At the start of the twenty first century, the largest fuels and petrochemicals concern in South Korea was the SK Group, in 1998 the management having re-branded “Sunkyong” to “SK”. The company continued to have interests in fuels and materials, and was increasingly involved in pharmaceutical and environmental protection products. In 1999, “SK Chemicals” developed third-generation platinum-complex anti-cancer agent. The same year a strategic alliance was made with U.S. “Johnson & Johnson” for development of the anti-epileptic (YKP509)

In 2001 the company began to supply ZIC XQ, a one hundred percent synthetic high-end engine oil. SK Energy was named first for customer satisfaction and brand power in surveys by major consumer reports. The same year the company developed the first Korean made DeNox-SCR catalyst for catalytic converters, to remove nitrogen oxides from exhaust fumes. Supplies of such catalysts previously depended entirely on imports. Other environmental technologies established that year included: a polluted soil purification technology allied with ‘Tefra Tech’ of the United States, a diesel exhaust filtering technology licensed in Japan, and development of Korea’s first microorganism-activated VOC (Volatile Organic Compound) bio-filter

In the field of energy and fuels the company had a major oil discovery in Block 15-1 Vietnam. Plant operation technology was licensed in Taiwan, Ghana and Kuwait. Also the World’s first commercialization of coke-reducing technology by on-line coating was launched.

In 2002 SK Corp. catalyst manufacturing technology was sold to the world-renowned catalyst provider, “Zeolyst International”. The company also disinvested from “SK Telecom” with overseas issuance of SK Telecom’s stocks amounting to KRW1.7 trillion.

“International Trading (Shanghai) Co., Ltd.” was established as a branch of SK in China to launch the sale of the company’s polymer products. The 40th foundation anniversary celebration was held, the company’s Ulsan refinery, originally belonging to the “Korea Oil Corporation” had been the first to begin oil refining in South Korea in the early nineteen sixties.

The establishment of “SK Bio-Pharmaceutical Tech. (Shanghai) Co., Ltd.”, broadened the SK Korea-U.S.-China pharmaceutical R&D network. An SK energy branch was also established in Zhaoging City, Guangdong Province, China, for the production and sale of its specialty polymer products (Zhaoging A. P. Compounding Facility). In pharmaceuticals, “Johnson & Johnson” selected SK energy antidepressant YKP581 as a clinical candidate.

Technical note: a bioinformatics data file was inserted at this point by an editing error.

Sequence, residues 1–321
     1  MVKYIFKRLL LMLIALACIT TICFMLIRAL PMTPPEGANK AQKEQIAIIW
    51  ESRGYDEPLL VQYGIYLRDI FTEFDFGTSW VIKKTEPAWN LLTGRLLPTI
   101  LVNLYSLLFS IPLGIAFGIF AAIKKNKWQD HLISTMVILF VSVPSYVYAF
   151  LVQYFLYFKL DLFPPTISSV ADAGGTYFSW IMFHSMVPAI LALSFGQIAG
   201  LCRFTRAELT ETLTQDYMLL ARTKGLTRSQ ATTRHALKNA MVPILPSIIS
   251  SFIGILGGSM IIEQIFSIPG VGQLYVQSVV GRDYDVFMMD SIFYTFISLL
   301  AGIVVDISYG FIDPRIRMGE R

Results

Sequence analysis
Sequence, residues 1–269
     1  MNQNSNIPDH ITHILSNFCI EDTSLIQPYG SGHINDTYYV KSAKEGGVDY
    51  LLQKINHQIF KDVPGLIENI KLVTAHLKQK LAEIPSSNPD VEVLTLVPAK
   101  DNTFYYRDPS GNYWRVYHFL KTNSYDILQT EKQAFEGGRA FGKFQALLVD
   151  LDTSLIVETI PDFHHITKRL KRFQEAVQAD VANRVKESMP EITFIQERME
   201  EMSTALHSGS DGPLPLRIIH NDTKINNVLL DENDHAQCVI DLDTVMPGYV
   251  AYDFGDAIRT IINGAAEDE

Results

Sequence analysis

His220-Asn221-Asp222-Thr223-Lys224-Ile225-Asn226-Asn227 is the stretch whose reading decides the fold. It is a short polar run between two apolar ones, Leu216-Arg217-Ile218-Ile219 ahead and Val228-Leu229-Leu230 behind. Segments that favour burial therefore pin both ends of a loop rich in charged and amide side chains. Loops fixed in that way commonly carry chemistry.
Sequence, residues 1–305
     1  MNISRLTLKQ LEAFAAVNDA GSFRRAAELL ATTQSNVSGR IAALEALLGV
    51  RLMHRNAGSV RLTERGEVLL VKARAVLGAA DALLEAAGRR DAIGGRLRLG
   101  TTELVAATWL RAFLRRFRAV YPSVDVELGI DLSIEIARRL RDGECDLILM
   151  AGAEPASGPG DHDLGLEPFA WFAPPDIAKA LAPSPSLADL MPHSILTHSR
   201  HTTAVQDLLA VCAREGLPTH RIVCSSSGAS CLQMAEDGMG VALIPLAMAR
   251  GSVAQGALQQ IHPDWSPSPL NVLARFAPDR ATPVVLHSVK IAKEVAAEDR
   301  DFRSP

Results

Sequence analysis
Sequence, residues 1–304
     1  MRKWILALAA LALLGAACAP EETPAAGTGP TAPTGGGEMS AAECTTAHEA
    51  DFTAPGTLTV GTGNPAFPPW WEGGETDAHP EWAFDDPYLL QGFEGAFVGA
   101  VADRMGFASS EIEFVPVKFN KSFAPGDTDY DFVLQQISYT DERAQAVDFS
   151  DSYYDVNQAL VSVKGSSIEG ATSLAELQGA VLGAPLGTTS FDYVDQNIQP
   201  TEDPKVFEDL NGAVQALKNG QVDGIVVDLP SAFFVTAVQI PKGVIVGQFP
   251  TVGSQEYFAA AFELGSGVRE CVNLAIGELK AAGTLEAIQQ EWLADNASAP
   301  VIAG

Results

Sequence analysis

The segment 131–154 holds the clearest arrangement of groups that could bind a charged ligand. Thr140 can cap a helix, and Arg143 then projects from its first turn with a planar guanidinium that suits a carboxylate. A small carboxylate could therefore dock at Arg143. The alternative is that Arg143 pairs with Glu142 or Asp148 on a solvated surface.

In 2003 there were developments in the materials businesses. SK advanced into the packing material market in China through establishment of a joint venture with “Zhejiang Shenxin Packaging Co., Ltd.” for production of agricultural chemicals using self-developed barrier resins in Hangzhou, Zhejiang Province. The company also became the second company in the world following Dow Chemical of the U.S. to develop RT, a next-generation material for hot water/heating pipes. The local energy in the U.S. had it certified as a new material.

In the field of energy SK Corp. commenced production of crude oil from Su Tu Den Oilfield in Vietnam. The company, along with the “Korea National Oil Energy”, had an equity stake in the oilfield. SK also officially signed a Petroleum Sharing Contract of North East Madura I Block, Indonesia, with the Indonesian government. Furthermore the company participated in the POSCO Gwangyang LNG Thermal Power Plant construction project with BP, mentioned above.

In pharmaceuticals as a result of focusing its research and development efforts on life sciences, SK developed YKP1358, a new drug candidate for treating schizophrenia and obtained U.S. FDA IND (investigational new drug) approval, following YKP 10A for treating depression and YKP 509 for treating epilepsy.

In 2004 at the Ulsan refinery complex a second Lubricant Base Oil Plant was completed and an environmentally friendly Ultra-Low Sulfur diesel facility was opened. In 2005 there were further developments in the fuels businesses. SK Energy finalized an agreement to acquire the Inchon Oil Refinery which once belonged to Hanwha Energy. Also after exploring Brazilian mining area BM-C-8, SK Corporation developed an oil field where it confirmed the existence of more than 50 million barrels of oil deposits. In retailing fuels, SK Networks opened the People’s Republic of China’s first two wholly foreign-owned, gas stations in Shenyang.